BEDA

BEDA 2013.2 #2: Complexity of Life

“Reality resists simplicity.”
John Green

I woke up this morning to news about the principal of St. Margaret’s Secondary School insisting that three of her students (who have shaved their heads for the Cancer for Hope movement) wear wigs to school. Reasons cited included how it was agreed upon earlier that the girls will wear wigs, and quoting the principal, how “punk, unfeminine, or sloppy hairstyles” was affecting their “turnout” as young ladies.

I’ll leave the arguments against such actions to the greater majority of the Internet, but this issue had led me to think about something I remembered from one of John Green’s videos on vlogbrothers – On the Separation of Conjoined Twins and Top Six Conjoined Twin Pairs in History. Using the topic of conjoined twins and the medical community’s incessant need to “correct abnormalities” or the obsession to make things, well, “normal.”

Somehow, my mind drew a parallel between these two, the underlying issue being our latent obsession in making everything, for lack of the better term, normal or socially acceptable, whichever floats your boat.

At best, it’s societal pressure to conform to be accepted – conditional love, if I may – and at worse, some kind of subconscious attempt to control how people should live their lives.

Most of us go through our lives with our could-haves, would-haves, and should-haves, half the time held back by the notion of what seems to be “normal”. I’m not talking about death-defying stunts or activities here, I’m talking things that may just be something you rarely see. And it does irk me to see that things like going bald in a Girls’ School or dying your hair wacky colours or tattooing is seen as different and therefore, bad.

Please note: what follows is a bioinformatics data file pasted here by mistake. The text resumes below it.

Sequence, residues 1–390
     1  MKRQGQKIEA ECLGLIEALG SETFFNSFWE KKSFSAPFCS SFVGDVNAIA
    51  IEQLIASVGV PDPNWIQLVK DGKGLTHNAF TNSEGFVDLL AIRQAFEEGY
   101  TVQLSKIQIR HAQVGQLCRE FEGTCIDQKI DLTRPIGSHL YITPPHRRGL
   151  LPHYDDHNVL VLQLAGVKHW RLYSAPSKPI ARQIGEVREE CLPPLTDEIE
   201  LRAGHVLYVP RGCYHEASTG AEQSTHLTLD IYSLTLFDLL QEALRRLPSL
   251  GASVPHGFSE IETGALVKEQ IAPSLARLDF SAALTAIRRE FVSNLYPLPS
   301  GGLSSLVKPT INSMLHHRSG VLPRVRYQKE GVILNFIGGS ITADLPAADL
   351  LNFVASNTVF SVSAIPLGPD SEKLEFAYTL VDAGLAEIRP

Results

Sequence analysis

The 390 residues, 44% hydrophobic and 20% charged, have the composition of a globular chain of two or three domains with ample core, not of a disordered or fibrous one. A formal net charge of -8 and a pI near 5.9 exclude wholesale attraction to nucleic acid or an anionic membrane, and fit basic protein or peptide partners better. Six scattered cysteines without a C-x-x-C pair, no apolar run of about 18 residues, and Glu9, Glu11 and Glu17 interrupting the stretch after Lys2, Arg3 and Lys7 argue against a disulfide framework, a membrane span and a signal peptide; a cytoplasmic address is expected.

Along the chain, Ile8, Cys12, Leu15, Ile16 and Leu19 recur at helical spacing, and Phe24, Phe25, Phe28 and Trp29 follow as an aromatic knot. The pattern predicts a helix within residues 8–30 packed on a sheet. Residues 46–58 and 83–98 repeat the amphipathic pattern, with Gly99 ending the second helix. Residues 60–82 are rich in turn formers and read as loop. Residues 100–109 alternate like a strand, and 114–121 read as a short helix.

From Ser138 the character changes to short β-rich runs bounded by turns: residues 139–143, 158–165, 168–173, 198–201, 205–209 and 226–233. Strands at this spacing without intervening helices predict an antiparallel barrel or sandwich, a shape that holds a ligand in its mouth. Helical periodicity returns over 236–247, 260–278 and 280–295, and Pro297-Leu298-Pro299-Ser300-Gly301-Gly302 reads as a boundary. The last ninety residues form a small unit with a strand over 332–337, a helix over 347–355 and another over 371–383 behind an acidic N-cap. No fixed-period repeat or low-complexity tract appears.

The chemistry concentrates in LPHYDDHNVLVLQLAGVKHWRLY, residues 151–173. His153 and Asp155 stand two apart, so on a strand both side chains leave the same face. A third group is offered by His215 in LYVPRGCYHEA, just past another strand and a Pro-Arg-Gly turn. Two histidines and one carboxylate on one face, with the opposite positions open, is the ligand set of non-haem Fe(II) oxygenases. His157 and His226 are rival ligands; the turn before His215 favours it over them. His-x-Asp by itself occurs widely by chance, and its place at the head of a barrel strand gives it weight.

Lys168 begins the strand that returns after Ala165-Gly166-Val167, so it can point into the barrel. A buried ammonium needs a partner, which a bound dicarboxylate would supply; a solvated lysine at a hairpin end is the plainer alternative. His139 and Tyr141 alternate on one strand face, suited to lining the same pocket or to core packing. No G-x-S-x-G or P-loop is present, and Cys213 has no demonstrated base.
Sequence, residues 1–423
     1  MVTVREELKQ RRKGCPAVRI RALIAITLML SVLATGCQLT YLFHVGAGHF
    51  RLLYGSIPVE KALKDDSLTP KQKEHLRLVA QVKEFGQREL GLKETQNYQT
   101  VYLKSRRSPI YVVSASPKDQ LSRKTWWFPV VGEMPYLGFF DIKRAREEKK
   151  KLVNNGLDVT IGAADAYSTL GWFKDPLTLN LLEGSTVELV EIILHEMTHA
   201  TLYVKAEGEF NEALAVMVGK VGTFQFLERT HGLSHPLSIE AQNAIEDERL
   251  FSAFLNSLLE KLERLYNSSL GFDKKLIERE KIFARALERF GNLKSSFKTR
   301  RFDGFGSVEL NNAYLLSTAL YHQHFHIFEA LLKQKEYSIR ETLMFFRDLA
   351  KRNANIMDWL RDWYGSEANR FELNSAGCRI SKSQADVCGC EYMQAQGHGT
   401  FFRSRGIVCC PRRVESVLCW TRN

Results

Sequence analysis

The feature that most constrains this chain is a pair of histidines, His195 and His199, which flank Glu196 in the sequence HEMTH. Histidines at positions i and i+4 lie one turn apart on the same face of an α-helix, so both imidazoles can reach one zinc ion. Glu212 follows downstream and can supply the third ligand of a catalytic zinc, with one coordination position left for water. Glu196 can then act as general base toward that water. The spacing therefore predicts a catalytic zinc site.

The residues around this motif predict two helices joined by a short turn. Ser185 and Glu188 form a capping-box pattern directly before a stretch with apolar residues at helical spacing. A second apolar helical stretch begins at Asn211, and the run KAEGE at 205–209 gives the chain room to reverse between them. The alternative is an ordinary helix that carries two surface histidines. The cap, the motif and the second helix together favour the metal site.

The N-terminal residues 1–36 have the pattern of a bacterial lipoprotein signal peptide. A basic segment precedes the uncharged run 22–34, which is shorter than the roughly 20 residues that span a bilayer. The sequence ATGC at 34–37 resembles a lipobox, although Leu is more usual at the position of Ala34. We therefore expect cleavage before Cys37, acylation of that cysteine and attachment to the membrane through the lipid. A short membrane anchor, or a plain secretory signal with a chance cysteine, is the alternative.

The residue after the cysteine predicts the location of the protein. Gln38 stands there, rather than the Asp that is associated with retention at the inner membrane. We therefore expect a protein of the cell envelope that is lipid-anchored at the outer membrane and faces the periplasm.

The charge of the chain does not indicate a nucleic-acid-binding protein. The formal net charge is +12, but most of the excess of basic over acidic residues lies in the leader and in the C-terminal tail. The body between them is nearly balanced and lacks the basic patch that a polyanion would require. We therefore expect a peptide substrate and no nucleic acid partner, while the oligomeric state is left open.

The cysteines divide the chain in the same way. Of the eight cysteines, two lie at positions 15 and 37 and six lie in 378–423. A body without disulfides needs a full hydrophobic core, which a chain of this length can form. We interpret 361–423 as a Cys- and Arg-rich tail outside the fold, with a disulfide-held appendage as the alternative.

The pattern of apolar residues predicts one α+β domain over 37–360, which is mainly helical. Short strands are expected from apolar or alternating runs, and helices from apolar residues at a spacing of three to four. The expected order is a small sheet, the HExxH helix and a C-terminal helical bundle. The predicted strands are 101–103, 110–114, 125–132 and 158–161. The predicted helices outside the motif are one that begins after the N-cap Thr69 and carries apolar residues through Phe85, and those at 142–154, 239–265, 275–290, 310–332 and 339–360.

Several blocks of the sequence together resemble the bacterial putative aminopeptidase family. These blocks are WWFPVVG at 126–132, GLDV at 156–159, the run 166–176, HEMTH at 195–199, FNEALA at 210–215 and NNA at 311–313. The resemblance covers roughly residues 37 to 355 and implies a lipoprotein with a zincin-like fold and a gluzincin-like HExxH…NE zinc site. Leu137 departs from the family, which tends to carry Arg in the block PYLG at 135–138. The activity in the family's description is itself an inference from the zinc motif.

What’s bad or not does not lie in the appearance or the presentation of the person, but his/ her personality. And I’m sure our educated society has eyes and brains enough to know and see this. It’s only a shame that sometimes, we limit ourselves with our own “education.”

Many of us will hope for a simple life where everything is just there for us. Why not? Save ourselves the trouble, right? But as I quoted from John Green, reality does resist simplicity. People, in their individual units, regardless of how collective you would like to view them, are unique, and the reason why you don’t live a black and white life of monotony (unless you choose to). And try as you might, you cannot really find a person who’s purely on either side of the spectrum.

There must be order, I agree. But there’s also a line before you cross into “I-don’t-like-rock-bands-and-therefore-the-entire-world-needs-to-know-they-are-evil” territory.

Therefore, let me leave you with this question – If societal expectations weren’t a problem, what will you define as “normal”?

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